This instance is as simple as it can get with a slow moving enemy that has less HP (20) left than any one of my bullets (30)
The bar at the top of the screen seems to be indicating that I’m going to kill it.
The aiming reticule isn’t entirely filled and from how I understand things 50% of bullets will land anywhere within the red area, so I’ve got some chance to hit and some to miss, it looks like about a third filled so 33% chance to hit feels roughly right, so with 3 shots I’m estimating that I have a 72% (1-0.33 or 0.66 to the power of 6) of one of my red area bullets hitting and killing the target. (I’ve also got some blue area bullets working within a normal distribution, but if 50% of bullets fall within the red area, that to me means that the other 50% fall outside of it, and with very little of the creature in that section I’ll work with 72%.
I’ve then got a slowly blinking bar next to the creature which seems to vary between leaving a small number of HPs remaining or having no affect at all, I’m guessing the reason why it’s blinking is because I’ve got a chance to not hit at all, but it doesn’t seem to blink at a rate that indicates how likely I am to hit/miss, (I’d expect a lower hit chance to lead to a bar that spends more time faded to black rather than red) and I don’t at all understand why it’s leaving an area of the bar shaded no matter where I aim as one bullet should kill, I’d expect the whole bar to be flashing on or off, what seems to happen instead is that the area of the bar that remains shaded increases as you move away from the centre of the target. I find this really bizarre that what appears to be a potentially damage indicator doesn’t actually indicate potential damage, is giving the average amount of damage instead?
So three different indicators on screen, all feel like they’re giving me different information in contradiction to one another. If the tutorial has explained any of this then I’ve missed it, to which apologies, but I really find this system unnecessarily complex and obtuse.
The bar at the top(Creature health) and the bar with the creature’s target location(targeted health) are based on best case scenarios. So if every bullet hits it is the maximum damage you can do either to the creature as a whole or the target area. It is common to see the target area be completely flashing because you can do more damage than the target area can take. I think the flashing should occur at the same rate no matter the damage done, it is the size of the blinking bar that changes, from target health(red) to max damage(black).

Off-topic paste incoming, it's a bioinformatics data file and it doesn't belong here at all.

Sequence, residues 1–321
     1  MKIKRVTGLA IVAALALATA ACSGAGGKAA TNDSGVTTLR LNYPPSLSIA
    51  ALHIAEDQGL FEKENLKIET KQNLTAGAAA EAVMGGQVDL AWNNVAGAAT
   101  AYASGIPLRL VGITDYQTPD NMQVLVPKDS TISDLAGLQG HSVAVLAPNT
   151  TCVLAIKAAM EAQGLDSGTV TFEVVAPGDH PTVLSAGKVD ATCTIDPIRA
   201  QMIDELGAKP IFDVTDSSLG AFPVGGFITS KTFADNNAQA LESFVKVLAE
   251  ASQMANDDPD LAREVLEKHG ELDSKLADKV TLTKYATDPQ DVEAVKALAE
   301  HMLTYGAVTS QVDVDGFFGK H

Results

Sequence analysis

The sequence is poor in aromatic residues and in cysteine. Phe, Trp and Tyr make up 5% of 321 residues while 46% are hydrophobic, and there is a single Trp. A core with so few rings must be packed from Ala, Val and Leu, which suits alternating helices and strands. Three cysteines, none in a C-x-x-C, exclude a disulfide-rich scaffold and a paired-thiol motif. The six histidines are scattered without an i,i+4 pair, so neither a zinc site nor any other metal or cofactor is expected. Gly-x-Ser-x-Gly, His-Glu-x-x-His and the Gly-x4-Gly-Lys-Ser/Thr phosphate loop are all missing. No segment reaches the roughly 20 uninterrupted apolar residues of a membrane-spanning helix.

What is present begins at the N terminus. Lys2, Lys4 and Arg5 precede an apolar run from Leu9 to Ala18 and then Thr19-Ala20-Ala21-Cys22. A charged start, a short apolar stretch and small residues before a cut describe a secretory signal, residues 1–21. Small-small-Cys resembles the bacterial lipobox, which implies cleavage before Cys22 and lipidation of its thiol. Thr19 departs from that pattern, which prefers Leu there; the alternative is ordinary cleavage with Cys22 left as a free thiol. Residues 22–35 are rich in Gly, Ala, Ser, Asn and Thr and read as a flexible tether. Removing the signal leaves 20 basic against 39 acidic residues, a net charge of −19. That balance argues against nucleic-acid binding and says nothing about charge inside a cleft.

I have seen where either the top bar sometimes shows a skull and crossbones over the creature icon to indicate a “kill” shot, but it often goes away when just moving the reticle a small amount and even the length of the “white” arrows/chevrons in the bar can vary from one position to another. I also have seen the target bar give readings that are not full when I am capable of doing more damage than what is shown. I don’t know if those issues are related to slight differences in the LoS damage calculator or if they are bugs that need to be worked out.
In XCOM one day I missed 5 consecutive 95+% shots. Lets say each shot has a 20% chance to hit in your case, that is still (100x(1-(1-0.2)^6)) 74% chance to hit it. Good odds but not that impressive.
I think I’ve eared that it follows a bell curve (so not that random) so lots of shots should be close to the red line. You can try aiming a bit above in your case to have the worm close to the red line (so not perfectly centered). It should increase your odds
I seriously hope that that is not the way that the game works - having to aim off-centre in order to have a better chance to hit would imho be on par with a chocolate fireguard when it comes to design choices.
I’m fine with percentages and know that 74% is only a 74% chance to hit, not a guarantee, that isn’t my issue with the aiming system - It’s the fact that 3 different indicators appear to be displaying conflicting information.
I really appreciate the time and patience that people are having to explain how things work to me and other that are confused by this, but as feedback to Snapshot, I don’t feel that such a core game mechanic should require forum threads and YouTube videos to understand. Either the tutorial/game guide needs to explain it clearly to people, perhaps with examples, the visual indicators need to be change/swapped for a numerical system, or the mechanics themselves need to be simplified imho.